HCV infection leads to progressive liver disease, which has been associated with extrahepatic syndromes, including CNS abnormalities.3
There is a growing body of literature on mild neurocognitive impairment in chronic HCV infection that is independent of hepatic encephalopathy.27
However, there is a lack of studies to investigate whether cells of the CNS support HCV replication. In this study, we report that all of the essential HCV receptors are expressed on brain microvascular endothelial cells. Indeed, the microvascular endothelia were the only cell type in the brain that expressed all the factors required for HCV entry. To our knowledge, this is the first study to investigate the expression of HCV receptors in the human brain. Microvascular endothelial cells are a major component of the BBB28
and may provide a portal for HCV to infect the CNS.
Quantification of HCV RNA from matched samples of white and grey matter, cerebellum, medulla, liver, and plasma revealed that, in clinical samples with detectable brain HCV, the viral load was 1000- to 10,000-fold lower in brain compared with liver from the same subject. HCV RNA was detected in at least one brain region from 4 of 10 HCV-infected subjects, independent of HIV coinfection status. Although quantities of viral RNA from the brain and liver varied widely between clinical samples, in general a lower viral load was associated with a higher postmortem interval, suggesting RNA degradation in some samples over time. Variation between brain-, plasma-, and liver-derived HCV E1 and 5′ untranslated region sequences has previously been reported in this cohort, supporting the hypothesis that HCV replicates and evolves within the brain.29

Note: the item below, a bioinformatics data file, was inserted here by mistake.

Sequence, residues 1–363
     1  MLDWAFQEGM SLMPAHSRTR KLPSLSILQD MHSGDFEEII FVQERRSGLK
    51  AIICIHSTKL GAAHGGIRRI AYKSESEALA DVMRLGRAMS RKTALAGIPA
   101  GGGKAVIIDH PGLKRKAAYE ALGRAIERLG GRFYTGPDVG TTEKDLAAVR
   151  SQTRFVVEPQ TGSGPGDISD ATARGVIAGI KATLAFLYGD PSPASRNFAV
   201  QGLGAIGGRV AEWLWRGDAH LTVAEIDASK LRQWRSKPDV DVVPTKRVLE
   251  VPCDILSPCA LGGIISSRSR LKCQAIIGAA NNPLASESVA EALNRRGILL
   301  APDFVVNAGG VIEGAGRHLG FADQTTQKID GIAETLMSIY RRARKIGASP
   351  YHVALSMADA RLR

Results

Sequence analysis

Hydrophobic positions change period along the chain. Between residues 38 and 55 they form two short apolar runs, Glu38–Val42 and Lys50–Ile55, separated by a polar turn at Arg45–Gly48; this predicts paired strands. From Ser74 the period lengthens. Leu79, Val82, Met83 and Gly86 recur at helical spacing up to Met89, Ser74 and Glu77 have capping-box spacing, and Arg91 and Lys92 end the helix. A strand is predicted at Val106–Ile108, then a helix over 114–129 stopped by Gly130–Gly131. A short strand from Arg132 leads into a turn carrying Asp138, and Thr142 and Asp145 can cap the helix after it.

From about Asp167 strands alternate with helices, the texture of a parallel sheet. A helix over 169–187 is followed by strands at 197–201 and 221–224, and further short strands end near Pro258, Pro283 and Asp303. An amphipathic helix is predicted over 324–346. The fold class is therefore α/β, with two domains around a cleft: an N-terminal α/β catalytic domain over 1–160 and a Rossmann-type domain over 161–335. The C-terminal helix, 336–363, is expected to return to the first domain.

However, care is needed when interpreting the physiologic relevance of detecting HCV RNA genomes. It is worth noting that 6 HCV-infected subjects had no detectable viral RNA in the brain, despite having comparable levels of viral RNA in the liver and plasma (Supplementary Materials and Methods
) to 4 subjects with no detectable HCV RNA in the brain.
There have been significant difficulties in visualizing HCV antigen-expressing hepatocytes in the liver that most likely reflect the low viral burden at a cellular level.30,31
Our quantification of HCV RNA in brain tissue compared with liver suggests that detecting HCV antigen in the brain will be technically challenging, and current imaging methodologies lack the sensitivity to reliably detect HCV-infected cells in the CNS. Indeed, our attempts to show NS3 or NS5A HCV antigen in brain or liver samples from subjects in this study have failed to provide robust signals (data not shown). Previous studies have reported the presence of HCV RNA in microglia and astrocytes isolated using laser capture microdissection.32,33
However, our experiments show that astrocytes and microglia lack expression of several receptors required for HCV entry.10
Our studies show that 2 independently derived brain microvascular endothelial cell lines, hCMEC/D3 and HBMEC, support HCVpp entry. Infection was inhibited by antibodies specific for CD81, SR-BI, claudin-1, or E2 glycoprotein, showing a common receptor-dependent entry pathway to that reported for hepatocytes and hepatoma-derived cell lines.34,35